It’s important to emphasise the implications of these. Habits are therefore behaviours which we produce automatically, in response to an environmental cue, and without any consideration of the consequence of the action. They are reflex reactions to a particular context. This helps us to see how habits can easily become unproductive, as we might continue to automatically produce them long after the benefits of the action have disappeared. The fourth point, for me at least, really rams this home as it emphasises a how when a behaviour shifts from goal-directed to habitual, it moves to an entirely different brain circuit which operates according to entirely different rules. Habits are qualitatively, rather than quantitively, different behaviours.
Put all this together and we can see why habits are so hard to shift. Habits don’t operate on a spectrum where just a bit more willpower or a bit more knowledge will help us to overcome them. This helps us to explain why so much CPD (which will often target teacher knowledge or motivation) fails, as changes in goals will have no effect on the automatic production of an established habitual behaviour!
There is both indirect and direct evidence for habitual behaviour in teachers
There are two main reasons to suspect that habitual behaviours are prevalent in teaching
- We have both direct (e.g. from teacher reports) and indirect (e.g. from observations) evidence that teachers display the features of habitual behaviour (such as automaticity and outcome insensitivity) in the classroom, and that this increases with years of experience.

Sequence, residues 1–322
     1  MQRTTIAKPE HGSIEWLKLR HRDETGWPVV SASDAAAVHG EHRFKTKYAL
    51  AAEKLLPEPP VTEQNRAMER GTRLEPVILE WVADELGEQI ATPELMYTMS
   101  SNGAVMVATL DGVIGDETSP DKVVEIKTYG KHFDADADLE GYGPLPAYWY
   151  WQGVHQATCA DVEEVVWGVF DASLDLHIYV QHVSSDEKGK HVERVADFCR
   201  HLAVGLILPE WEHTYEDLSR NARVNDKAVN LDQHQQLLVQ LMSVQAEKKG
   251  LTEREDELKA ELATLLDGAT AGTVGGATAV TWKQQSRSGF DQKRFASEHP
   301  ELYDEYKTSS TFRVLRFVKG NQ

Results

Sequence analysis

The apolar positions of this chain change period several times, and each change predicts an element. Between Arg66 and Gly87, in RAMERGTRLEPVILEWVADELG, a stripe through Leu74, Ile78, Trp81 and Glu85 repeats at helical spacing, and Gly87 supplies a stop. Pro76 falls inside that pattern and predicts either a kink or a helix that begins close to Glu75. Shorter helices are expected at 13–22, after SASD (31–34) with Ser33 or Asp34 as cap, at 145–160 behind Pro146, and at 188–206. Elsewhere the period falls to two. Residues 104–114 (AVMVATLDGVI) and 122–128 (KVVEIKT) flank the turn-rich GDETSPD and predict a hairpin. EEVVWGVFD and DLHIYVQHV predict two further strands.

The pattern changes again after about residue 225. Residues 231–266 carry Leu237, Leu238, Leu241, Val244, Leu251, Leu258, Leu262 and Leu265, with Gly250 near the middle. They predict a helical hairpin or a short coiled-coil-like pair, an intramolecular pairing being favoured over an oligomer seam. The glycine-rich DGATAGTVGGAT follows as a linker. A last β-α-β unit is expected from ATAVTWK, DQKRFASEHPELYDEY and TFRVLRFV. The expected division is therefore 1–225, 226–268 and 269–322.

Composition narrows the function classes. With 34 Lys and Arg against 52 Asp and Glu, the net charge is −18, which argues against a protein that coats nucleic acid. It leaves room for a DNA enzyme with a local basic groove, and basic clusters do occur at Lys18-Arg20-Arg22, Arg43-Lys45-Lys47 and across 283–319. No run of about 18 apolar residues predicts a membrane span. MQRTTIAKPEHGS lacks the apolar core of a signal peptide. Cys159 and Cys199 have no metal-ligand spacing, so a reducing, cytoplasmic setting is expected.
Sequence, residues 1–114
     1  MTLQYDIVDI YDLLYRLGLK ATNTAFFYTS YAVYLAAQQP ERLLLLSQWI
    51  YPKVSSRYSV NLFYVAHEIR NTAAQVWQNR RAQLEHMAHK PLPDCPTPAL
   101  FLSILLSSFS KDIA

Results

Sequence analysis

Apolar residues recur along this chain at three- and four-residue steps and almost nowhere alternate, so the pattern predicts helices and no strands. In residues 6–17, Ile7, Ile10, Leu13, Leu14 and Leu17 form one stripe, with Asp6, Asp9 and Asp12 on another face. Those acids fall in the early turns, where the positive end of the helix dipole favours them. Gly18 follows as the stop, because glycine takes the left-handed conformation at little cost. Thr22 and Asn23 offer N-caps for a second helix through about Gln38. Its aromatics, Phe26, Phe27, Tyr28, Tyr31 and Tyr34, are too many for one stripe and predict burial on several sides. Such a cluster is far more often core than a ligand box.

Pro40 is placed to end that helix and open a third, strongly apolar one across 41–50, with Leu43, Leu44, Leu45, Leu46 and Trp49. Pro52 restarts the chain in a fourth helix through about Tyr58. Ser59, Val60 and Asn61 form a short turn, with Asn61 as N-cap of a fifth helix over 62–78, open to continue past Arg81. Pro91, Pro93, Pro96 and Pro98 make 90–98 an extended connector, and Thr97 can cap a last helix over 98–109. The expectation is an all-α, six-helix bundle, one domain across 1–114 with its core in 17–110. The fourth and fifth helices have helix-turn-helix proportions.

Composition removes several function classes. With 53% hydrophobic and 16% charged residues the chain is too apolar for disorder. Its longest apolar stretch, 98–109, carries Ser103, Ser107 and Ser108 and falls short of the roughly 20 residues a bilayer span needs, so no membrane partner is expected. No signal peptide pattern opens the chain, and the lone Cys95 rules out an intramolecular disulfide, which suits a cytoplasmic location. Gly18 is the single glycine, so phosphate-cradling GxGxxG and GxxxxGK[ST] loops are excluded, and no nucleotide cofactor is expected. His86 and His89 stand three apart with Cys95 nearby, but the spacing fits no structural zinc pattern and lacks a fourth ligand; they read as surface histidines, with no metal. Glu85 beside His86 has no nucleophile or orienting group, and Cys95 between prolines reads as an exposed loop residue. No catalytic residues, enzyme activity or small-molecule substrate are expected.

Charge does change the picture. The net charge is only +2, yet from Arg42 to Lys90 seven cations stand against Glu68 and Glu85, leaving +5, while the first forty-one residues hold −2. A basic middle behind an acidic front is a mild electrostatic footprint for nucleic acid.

- Teachers work in environments which have many of the features known to both accelerate the learning and facilitate the production of habitual behaviours, for example stress, time and performance pressure, and frequent responding.
More detail on the studies reviewed to come to these conclusions, in addition to our own research using TeacherTapp, can be read in the paper.
Asymptote as ‘locked-in survival habits’?
One very plausible explanation for the asymptote in teacher effectiveness, therefore, is that during the initial years we are developing ‘survival habits’, behaviours which allow us to swim rather than sink in the overwhelming and confusing place that is the school classroom. In that these habits might be things that allow us to remain in the profession, they serve a crucial and valuable function. BUT… once formed, they can all too easily become locked into our practice, especially given an environment that is highly conducive to forcing us to fall back on habitual behaviour. As our reactions in the classroom become more automatic, so our ability to consciously shift these (e.g. due to changes in our goals or knowledge, or changes in the outcome the behaviour brings) will be reduced.
Let’s look at some examples: